Title page for ETD etd-0592073971961

Type of Document Dissertation
Author Mitton, Felicity L.
Author's Email Address felicity@vt.edu
URN etd-0592073971961
Title Self-efficacy: Judgments of Ability or Willingness?
Degree Master of Science
Department Clinical Psychology
Advisory Committee
Advisor Name Title
Clum, George A. Jr.
Stephens, Robert S.
Sturgis, Ellie T.
  • college student drinking
  • self-efficacy
  • outcome expectancies
Date of Defense 1997-07-02
Availability unrestricted
The present studies attempted to clarify the constructs

of self-efficacy and outcome expectancies in relation

to college student drinking. In study 1, heavy-drinking

college students were asked for efficacy judgments for

limiting their heavy-drinking for increasing periods of

time (e.g. 1 day, 1 week, 1 month, etc.). Students

were also asked for efficacy judgments for throwing a

basketball into a hoop from increasing distances (e.g.

5 feet, 10 feet, 15 feet). Hypothetical incentives were

offered to change efficacy ratings for the first tasks on

each hierarchy (limiting drinking and basketball) to

which the participant had responded with a negative

efficacy judgments. Hypothetical incentives were also

offered for the most difficult task on each hierarchy.

As predicted, students changed efficacy ratings for

limiting drinking much more frequently. Additionally,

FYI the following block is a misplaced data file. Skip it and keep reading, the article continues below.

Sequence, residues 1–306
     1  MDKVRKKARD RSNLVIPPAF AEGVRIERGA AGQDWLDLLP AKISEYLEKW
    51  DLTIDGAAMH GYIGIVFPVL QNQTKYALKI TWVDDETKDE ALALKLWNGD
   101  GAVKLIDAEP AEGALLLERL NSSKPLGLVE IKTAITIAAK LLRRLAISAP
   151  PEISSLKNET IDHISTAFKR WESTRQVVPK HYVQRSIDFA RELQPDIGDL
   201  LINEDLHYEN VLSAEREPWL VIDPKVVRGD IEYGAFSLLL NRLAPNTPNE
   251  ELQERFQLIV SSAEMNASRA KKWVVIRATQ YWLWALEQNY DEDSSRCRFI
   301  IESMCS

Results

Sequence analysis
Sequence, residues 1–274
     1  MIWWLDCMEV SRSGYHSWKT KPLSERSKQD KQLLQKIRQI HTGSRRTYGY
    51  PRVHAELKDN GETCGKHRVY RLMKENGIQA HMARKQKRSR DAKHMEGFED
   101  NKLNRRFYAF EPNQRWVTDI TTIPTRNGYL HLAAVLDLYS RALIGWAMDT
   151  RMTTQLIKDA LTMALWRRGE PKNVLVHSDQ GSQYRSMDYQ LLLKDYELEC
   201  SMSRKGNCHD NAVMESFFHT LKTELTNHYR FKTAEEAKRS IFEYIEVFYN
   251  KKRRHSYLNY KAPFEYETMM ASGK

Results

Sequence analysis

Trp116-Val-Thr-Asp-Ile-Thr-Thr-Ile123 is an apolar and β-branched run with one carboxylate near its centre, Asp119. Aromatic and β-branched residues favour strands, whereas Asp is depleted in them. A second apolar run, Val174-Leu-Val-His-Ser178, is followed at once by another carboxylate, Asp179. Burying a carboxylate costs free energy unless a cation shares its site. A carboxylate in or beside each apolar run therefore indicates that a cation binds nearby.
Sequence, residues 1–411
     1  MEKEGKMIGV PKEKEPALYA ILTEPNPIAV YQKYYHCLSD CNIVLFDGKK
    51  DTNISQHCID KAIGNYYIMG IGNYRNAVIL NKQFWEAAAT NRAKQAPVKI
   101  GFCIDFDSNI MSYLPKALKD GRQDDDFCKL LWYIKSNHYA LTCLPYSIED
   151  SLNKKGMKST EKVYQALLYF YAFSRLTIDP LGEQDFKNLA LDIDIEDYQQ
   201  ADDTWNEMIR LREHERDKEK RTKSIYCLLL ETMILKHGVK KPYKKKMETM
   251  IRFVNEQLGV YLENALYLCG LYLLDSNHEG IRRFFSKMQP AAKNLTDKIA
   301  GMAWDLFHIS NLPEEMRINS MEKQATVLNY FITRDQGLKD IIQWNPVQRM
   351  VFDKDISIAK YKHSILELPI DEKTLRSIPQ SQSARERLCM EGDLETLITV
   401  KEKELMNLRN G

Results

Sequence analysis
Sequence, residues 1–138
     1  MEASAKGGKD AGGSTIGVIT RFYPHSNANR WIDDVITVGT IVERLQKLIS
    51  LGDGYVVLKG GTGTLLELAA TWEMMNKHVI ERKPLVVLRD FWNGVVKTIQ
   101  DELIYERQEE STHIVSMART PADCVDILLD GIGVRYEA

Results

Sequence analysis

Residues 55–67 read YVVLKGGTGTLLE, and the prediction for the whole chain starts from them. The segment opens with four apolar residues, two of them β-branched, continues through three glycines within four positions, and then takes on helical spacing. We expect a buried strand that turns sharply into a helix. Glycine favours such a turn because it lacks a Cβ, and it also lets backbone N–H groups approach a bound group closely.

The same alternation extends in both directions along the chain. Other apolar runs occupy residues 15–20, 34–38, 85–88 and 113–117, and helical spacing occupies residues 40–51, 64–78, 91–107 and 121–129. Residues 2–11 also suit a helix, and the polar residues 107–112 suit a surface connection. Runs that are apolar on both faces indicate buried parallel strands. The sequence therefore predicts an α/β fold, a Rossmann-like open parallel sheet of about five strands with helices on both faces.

heavy-drinking college students indicated that money

persuaded them to alter their efficacy judgments for

limiting drinking, but lack of ability predominated as

the reason for not altering basketball task efficacy. In

study 2, the relationship between ability judgments,

willingness, and outcome expectancies was explored

by manipulating the wording of questionnaires

presented to heavy-drinking college students. Results

indicated that ability judgments were higher than

willingness judgments for limiting drinking. Willingness

appeared to be related to expected positive and

negative effects of consuming alcohol. Principle

components analysis indicated that ability and

willingness were distinct constructs. Results of both

studies are discussed in terms of the ongoing debate

between Albert Bandura and Irving Kirsch and the

need for a more clarity regarding efficacy and its


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